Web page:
Cigar magazines (famously, Cigar Aficionado), blogs, and tasting videos abound. Some of these resources maintain a high level of editorial integrity and impartiality, while others are to be taken with a grain of salt. Explore and see what speaks to you.
One could go on and on, of course, but what would come next? Instead, I suggest you carefully select a cigar to your liking, plus a libation to go with it. Sit down, cut, light up. And please keep in mind this final thought I’ve previously espoused: Cigars seldom exist in isolation — they’re part of an epicurean life: a good meal, vintage wine, spirits, and cigars. Or, as Winston Churchill said, “My rule of life prescribed as an absolutely sacred rite smoking cigars, and also the drinking of alcohol before, after and if need be during all meals and the intervals between them.”
Cheers to that.
The Different Parts of a Cigar
Like all plants, Nicotiana tabacum — tobacco, to you and me — starts out as a seed. A very small seed, about the size of a grain of sand, in fact. The tobacco grows tall and on the stalk;, and there are leaves, of course. These leaves will go on to be cured, fermented, and rolled into cigars. Unsurprisingly, the foliage on the bottom of the stalk, which receives the least amount of sunlight, yields the mildest flavors. Conversely, those leaves higher up that receive the most sunshine, produce the fullest- bodied and boldest flavors.
These leaves are divided into a classification of primary “primings” sectors that from the bottom of the stalk up are: Volado, Seco, Viso, Ligero, and, at the top, la Corona (the crown). In reality, the leaves used in rolling premium cigars are the Seco, Viso, and Ligero — the Volado and Corona are typically not used. If you are familiar with spirits distillation, it’s quite analogous to discarding the heads and tails of distillate, and only keeping the desirable middle alcohols, the hearts.
In turn, the primary primings segments are subdivided into incremental secondary designation primings — subdivisions, if you will. Within Volado, one finds the “first priming” (closest to the ground), which is known as the Libra de pie. The primings rise up the stalk incrementally all the way to medio tiempo — a rare and highly coveted leaf. This is found only in very limited production cigars, such as the Cuban Cohiba Behike range, and the annually released La Palina Goldie cigars. The medio tiempo is not found on all tobacco stalks, but it is the uppermost priming within the Ligero sector, above even the Corona.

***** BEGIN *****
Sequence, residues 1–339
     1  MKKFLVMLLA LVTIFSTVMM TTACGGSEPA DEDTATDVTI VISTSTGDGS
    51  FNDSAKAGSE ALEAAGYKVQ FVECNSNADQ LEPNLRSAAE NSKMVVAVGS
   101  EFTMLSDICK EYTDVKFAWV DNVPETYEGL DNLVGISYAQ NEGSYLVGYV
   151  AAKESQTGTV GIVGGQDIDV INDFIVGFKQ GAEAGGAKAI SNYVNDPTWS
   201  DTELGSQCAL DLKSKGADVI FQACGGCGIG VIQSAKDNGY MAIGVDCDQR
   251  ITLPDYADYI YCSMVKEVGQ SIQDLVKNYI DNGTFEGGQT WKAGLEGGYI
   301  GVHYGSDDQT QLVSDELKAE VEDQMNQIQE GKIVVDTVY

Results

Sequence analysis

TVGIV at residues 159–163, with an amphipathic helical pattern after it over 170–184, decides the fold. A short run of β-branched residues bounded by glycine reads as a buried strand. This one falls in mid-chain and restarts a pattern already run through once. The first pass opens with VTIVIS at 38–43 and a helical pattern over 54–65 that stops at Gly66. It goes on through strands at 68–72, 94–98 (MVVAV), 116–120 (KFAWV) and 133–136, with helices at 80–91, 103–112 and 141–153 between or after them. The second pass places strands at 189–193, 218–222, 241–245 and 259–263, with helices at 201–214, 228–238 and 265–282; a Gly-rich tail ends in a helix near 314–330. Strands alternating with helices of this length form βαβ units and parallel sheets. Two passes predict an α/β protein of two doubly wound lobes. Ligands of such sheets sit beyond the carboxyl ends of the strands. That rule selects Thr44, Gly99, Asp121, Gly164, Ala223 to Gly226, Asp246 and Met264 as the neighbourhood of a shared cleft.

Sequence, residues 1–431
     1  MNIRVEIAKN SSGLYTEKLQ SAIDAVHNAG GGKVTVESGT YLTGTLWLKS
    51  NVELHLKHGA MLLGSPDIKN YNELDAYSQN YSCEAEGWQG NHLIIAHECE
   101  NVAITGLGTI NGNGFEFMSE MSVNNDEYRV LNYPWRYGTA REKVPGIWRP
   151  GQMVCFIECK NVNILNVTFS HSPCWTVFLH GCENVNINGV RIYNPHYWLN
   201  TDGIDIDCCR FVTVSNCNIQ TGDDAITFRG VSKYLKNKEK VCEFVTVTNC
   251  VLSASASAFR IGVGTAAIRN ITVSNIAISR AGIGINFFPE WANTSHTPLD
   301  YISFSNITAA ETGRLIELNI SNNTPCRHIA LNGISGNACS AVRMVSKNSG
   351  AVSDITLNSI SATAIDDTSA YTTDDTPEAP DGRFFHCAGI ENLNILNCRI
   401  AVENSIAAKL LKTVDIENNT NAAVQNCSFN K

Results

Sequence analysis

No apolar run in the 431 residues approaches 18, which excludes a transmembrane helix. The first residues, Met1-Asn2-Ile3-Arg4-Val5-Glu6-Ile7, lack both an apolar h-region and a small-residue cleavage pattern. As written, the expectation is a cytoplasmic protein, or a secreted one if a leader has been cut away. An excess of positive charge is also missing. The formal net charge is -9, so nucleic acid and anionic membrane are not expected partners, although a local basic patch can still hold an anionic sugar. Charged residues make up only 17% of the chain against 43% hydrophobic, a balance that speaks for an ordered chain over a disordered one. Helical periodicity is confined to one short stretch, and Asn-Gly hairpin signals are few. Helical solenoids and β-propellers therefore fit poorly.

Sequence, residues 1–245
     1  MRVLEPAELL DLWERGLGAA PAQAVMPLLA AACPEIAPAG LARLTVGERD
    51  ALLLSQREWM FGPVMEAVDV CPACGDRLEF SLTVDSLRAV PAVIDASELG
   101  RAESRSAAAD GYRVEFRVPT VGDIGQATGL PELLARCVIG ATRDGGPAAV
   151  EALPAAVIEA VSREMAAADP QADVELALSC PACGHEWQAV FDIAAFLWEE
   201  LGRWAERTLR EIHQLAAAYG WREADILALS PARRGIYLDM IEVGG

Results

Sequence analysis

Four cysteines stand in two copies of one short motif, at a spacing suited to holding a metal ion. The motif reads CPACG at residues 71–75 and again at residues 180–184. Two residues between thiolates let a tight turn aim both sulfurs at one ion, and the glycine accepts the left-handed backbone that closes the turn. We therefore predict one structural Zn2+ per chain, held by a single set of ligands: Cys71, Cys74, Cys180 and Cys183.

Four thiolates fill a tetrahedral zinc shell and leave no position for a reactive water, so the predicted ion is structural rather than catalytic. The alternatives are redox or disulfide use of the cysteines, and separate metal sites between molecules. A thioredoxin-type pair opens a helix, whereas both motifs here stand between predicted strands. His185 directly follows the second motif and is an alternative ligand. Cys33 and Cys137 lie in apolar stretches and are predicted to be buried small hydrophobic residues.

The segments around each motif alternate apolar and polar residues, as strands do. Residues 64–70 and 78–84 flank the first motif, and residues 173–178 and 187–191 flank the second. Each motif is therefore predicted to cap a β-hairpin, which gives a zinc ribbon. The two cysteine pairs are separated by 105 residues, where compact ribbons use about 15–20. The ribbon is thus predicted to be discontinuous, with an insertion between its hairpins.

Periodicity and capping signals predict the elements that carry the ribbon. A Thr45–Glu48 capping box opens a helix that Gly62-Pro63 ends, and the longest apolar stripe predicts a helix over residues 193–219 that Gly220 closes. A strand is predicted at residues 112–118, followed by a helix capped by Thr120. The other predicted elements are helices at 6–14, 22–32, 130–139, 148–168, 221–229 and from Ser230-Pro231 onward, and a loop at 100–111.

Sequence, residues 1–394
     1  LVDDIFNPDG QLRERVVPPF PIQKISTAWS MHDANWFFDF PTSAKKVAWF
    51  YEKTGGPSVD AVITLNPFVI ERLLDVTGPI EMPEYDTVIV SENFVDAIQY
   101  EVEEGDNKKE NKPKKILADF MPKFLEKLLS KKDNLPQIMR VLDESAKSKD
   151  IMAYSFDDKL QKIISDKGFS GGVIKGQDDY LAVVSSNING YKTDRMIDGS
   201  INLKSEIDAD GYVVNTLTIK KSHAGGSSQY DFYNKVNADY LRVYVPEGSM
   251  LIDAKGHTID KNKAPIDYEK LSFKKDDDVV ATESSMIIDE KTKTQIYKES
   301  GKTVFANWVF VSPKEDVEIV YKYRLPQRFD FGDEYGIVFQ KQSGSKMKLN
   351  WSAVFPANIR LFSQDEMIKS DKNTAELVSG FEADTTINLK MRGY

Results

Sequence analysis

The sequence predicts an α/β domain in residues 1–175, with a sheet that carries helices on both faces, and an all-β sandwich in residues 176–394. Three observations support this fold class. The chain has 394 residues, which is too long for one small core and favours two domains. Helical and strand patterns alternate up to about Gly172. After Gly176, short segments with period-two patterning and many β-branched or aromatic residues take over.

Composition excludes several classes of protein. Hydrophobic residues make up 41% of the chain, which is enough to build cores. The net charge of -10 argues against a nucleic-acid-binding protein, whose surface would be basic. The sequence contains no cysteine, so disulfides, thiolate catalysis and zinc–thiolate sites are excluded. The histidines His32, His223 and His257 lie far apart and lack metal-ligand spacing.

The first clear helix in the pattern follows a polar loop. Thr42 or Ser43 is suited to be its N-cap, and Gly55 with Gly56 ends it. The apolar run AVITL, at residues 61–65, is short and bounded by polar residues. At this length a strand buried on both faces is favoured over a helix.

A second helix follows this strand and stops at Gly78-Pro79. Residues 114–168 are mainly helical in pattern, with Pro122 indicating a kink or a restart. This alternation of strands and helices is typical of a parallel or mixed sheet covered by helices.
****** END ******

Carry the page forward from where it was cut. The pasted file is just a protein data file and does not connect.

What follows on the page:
After curing and multiple fermentation (some tobaccos undergo additional special aging processes, sometimes for years), the tobacco is sorted. It is here that all leaves are designated as filler and binder. The wrapper leaf is, with the very rarest exception, almost always pre-identified earlier in the process, normally at the preliminary planting stage. But what exactly are the filler, binder, and wrapper?
The tobaccos bunched in the core of the cigar. With long-filler cigars, the bunch will contain anywhere from three to seven different tobaccos.
If the cigar is a puro, — a Spanish double entendre for “pure” — all of the cigar’s filler leaves, as well as the binder and wrapper, are all grown and fermented in the same country in which it’s rolled. Non-puros’ tripa may contain tobaccos from multiple countries of origin. This is all contingent on what the master blender wishes to achieve.
The leaf wrapped around the filler, beneath the wrapper, that binds the cigar together.
The outer leaf of a cigar. The wrapper not only determines the color, category designation, and aesthetic of the cigar, — it’s also a significant component of the cigar’s flavor and body. Opinions vary as to how much the capa contributes to the flavor, but, generally speaking, it runs somewhere in the 35 to 70 percent range. A large swath, to be sure; half is a safe bet.
Again, akin to wine grapes, there are multiple varietals of cigar-wrapper leaves. And, as in viticulture, the soil in which the plants are grown results in diverse flavors and aromas. Wrappers come from around the globe, but primarily from Cuba, Dominican Republic, Nicaragua, Mexico, Ecuador, and Cameroon — even the United States.
Of course, even casual observers know that cigars come in a vast array of shapes and sizes., These are known as vitolas, a term that conveys the overall size and shape of a given cigar, including its length and its girth (measured in ring gauges, or rg, a diameter expressed in increments of sixty-fourths of an inch). Vitolas are subdivided into two basic categories: parejos, the straight-sided classic cigars, such as the famed Churchill size (previously known as a Presidente), and figurados, irregular shapes such as a torpedo and/or perfecto.